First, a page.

Hidden Graveyard Holds Remains of Crozet Founders

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The old Wayland family burial ground is located behind the new Pleasant Green subdivision. Photo: Malcolm Andrews.

We all know the name Wayland, which we encounter all over Crozet—from the Wayland’s Grant subdivision off Jarmans Gap Road, to the Wayland Park neighborhood near downtown, to the former Wayland’s Crossing Tavern in Old Trail. But how many of us are aware that the original Wayland ancestors are still buried in the family graveyard, hidden behind the new Pleasant Green subdivision?  

The graveyard, which still holds the remains of Crozet’s founding fathers and mothers, is surrounded by looming, ivy-covered maple, oak, and honey locust trees, not far from Powell’s Creek. It measures about 20’ x 30’ and is surrounded by a moss-covered, 3-foot stone and mortar wall. The wall is solid all the way around, with no gate. “This is a closed graveyard,” explained Abram’s great-grandson David Wayland, a retired Episcopal priest still living in Charlottesville. “This usually means no one else should be buried there. The graveyard was probably established in 1857 when Jeremiah’s wife Mary died.” A visit to the Wayland burial ground will leave you with a feeling of peace, serenity, and a connection to Crozet’s earliest history.

David Wayland, great-grandson of Abram Wayland, lived at Apple Green near Mint Springs for 20 years while running the orchard as well as a bed and breakfast. He was president of the Crozet Community Association, handing the reins to Tim Tolson in 2013. Photo: Malcolm Andrews.

Jeremiah Wayland purchased Pleasant Green in 1832 from Benjamin Franklin Ficklin (1827-1871), who is buried in Maplewood Cemetery in downtown Charlottesville. Ficklin—who is credited with co-founding the Pony Express—grew tobacco and Jeremiah, known as Jere, bred livestock. But it was Jeremiah’s son, Abram, who established some of the first apple and peach orchards in Albemarle County, launching a fruit production enterprise that grew to fuel the area’s prosperity for over half a century, joined by many other notable orcharding families. At one time, Abram owned 1,200 acres, extending from what is now Crozet Avenue west to Mint Springs. It was Abram Wayland who petitioned the C&O Railroad for a freight loading platform, then known as Wayland’s Crossing, to move his produce. The railroad finally agreed to build a depot in 1876 to deliver construction materials for the building of Miller School, but insisted that it be named for Claudius Crozet, engineer of the Blue Ridge Tunnel. The Wayland homeplace was expanded several times and at one time was known as Hotel Wayland, catering to tourists arriving by train (www.crozetgazette.com/2018/10/05/secrets-of-the-blue-ridge-pleasant-green-crozet-history-101).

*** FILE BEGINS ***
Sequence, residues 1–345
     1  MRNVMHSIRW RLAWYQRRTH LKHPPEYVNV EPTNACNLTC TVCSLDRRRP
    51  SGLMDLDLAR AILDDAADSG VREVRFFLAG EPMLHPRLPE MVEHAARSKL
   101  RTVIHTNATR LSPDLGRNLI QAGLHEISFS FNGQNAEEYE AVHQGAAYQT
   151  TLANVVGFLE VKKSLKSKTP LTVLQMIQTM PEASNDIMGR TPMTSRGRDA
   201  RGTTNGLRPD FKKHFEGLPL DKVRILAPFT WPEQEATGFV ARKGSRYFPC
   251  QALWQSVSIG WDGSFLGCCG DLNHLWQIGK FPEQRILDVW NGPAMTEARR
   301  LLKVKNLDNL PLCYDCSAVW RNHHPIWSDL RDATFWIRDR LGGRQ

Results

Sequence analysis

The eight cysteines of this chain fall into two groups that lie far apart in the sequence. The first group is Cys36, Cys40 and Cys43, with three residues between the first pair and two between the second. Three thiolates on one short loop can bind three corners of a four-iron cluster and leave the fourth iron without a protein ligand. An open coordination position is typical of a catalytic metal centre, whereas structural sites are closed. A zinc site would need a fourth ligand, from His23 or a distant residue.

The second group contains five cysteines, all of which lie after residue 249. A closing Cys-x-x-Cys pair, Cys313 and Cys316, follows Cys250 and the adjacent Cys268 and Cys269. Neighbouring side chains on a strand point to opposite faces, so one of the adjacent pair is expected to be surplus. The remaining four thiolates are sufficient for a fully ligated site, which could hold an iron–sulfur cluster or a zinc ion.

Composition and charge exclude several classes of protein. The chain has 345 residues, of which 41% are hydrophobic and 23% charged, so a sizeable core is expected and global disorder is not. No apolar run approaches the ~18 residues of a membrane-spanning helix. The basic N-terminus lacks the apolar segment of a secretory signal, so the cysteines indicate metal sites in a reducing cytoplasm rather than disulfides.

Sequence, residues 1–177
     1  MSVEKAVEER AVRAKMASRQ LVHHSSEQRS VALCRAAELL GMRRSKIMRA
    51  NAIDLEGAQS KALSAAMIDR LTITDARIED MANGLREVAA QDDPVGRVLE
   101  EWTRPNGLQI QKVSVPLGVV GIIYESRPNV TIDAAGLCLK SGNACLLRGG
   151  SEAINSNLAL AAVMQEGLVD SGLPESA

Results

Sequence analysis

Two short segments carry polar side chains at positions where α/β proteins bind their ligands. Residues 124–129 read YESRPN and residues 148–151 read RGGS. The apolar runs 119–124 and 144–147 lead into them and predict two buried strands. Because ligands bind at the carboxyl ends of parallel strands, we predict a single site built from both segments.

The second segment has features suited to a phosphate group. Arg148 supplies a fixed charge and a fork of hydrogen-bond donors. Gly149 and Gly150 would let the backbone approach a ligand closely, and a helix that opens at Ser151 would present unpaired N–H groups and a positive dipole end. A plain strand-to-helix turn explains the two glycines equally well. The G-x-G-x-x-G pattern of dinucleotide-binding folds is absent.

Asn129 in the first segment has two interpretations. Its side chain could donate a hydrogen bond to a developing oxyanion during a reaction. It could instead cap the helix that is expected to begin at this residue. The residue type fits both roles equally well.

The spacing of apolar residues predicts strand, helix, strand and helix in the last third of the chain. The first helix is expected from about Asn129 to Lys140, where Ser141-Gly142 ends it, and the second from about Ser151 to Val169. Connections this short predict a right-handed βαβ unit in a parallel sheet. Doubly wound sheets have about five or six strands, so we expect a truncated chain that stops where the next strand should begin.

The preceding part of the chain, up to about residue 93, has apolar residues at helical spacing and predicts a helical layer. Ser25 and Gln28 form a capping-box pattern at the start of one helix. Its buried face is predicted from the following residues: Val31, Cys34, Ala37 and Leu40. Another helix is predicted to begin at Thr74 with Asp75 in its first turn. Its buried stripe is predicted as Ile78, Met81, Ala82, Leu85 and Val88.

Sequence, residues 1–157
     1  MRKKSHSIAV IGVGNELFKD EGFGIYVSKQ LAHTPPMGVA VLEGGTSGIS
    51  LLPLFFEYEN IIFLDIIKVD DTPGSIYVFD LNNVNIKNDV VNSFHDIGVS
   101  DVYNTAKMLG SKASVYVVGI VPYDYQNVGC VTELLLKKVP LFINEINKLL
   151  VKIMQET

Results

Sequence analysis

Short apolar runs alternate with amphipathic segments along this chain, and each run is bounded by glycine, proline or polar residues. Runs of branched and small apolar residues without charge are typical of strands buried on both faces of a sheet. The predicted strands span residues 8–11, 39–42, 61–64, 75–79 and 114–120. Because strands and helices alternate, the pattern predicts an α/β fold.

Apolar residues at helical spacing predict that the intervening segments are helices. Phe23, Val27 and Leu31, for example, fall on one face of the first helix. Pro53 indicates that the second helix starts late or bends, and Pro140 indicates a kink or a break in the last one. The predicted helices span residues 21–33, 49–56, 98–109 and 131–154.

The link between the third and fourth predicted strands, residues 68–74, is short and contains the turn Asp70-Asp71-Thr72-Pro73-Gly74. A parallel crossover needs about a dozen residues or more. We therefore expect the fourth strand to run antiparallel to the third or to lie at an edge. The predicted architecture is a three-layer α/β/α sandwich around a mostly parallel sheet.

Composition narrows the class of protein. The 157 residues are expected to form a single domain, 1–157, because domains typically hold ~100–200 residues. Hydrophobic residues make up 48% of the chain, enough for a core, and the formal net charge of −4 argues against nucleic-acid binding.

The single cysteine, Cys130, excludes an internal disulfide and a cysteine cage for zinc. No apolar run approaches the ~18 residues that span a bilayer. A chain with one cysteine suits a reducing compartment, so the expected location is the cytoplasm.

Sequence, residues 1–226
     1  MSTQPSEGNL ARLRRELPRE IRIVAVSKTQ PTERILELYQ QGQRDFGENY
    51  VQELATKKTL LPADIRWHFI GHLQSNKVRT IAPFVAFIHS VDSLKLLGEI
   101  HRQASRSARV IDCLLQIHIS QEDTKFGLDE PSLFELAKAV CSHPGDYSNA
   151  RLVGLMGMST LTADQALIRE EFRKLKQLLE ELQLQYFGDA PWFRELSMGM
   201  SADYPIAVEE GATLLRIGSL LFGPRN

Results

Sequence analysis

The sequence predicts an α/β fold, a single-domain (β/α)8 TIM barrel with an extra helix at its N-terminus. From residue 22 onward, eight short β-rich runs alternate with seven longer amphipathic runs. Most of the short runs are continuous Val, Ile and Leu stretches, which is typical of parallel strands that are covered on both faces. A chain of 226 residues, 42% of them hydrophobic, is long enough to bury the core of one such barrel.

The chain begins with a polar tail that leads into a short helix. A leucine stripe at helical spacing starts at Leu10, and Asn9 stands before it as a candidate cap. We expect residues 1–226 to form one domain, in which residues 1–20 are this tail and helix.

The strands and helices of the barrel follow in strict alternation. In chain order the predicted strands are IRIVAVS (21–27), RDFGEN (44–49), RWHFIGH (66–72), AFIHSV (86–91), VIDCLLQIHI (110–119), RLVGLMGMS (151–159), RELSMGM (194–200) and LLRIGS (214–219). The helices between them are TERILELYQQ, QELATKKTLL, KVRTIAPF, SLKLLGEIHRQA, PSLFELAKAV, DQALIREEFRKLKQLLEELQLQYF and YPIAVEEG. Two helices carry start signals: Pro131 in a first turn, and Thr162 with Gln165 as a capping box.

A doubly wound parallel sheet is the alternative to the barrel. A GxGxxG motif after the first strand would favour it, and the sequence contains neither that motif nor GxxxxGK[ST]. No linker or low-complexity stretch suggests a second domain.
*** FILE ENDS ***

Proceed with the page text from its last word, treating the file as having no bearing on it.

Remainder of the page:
Wayland relatives and friends gathered in 2018 to clean up the family burial ground. Left to right: Koby More, Jennie More, Miles More, Mac Lafferty, David Wayland, Tim Tolson, and Phil James. Photo: Michael Marshall.

The six “known burials” in the graveyard, lined along the back wall, include Jeremiah (1798-1887), his wife Mary Ramsey (1797-1857), their son Abram (1834-1906), Abram’s wife Martha Thomas Woodson (1837-1904), and their two children, who died young: Thomas (1872-1890) and Clara Belle (1870-1871), who lived only a year. Jeremiah did own slaves, who may be buried outside the walls—including Simon and Harriet Timberlake, who continued to live on the property after they were granted their freedom. 

In 1986, David’s cousin Robert had the gravestones moved from the old burial ground to the larger, public Rockgate Cemetery on Crozet Ave. This location allowed room for additional descendants to join their ancestors; Rockgate now houses at least 18 additional Waylands, their spouses, and children. David’s grandfather, Charles Lee Wayland (1861-1953), son of Abram’s son Robert, was born at Pleasant Green, but built his own house off Crozet Ave. behind the old firehouse (and current rescue squad). Charles Lee sold that house, which later burned down, and built Maple Lawn, on the left side of the present Wayland Street (which was his driveway), with the surrounding property comprising his farm. Several large pine and deciduous trees on the left side of Wayland St. remain from Charles Lee’s property, whose gravestone at Rockgate reads, “Orchardist.” Jeremiah’s gravestone has been broken twice, but the family raised the funds needed to repair it. 

The six original Wayland gravestones were moved to Rockgate Cemetery on Crozet Avenue in 1986. Photo: Malcolm Andrews.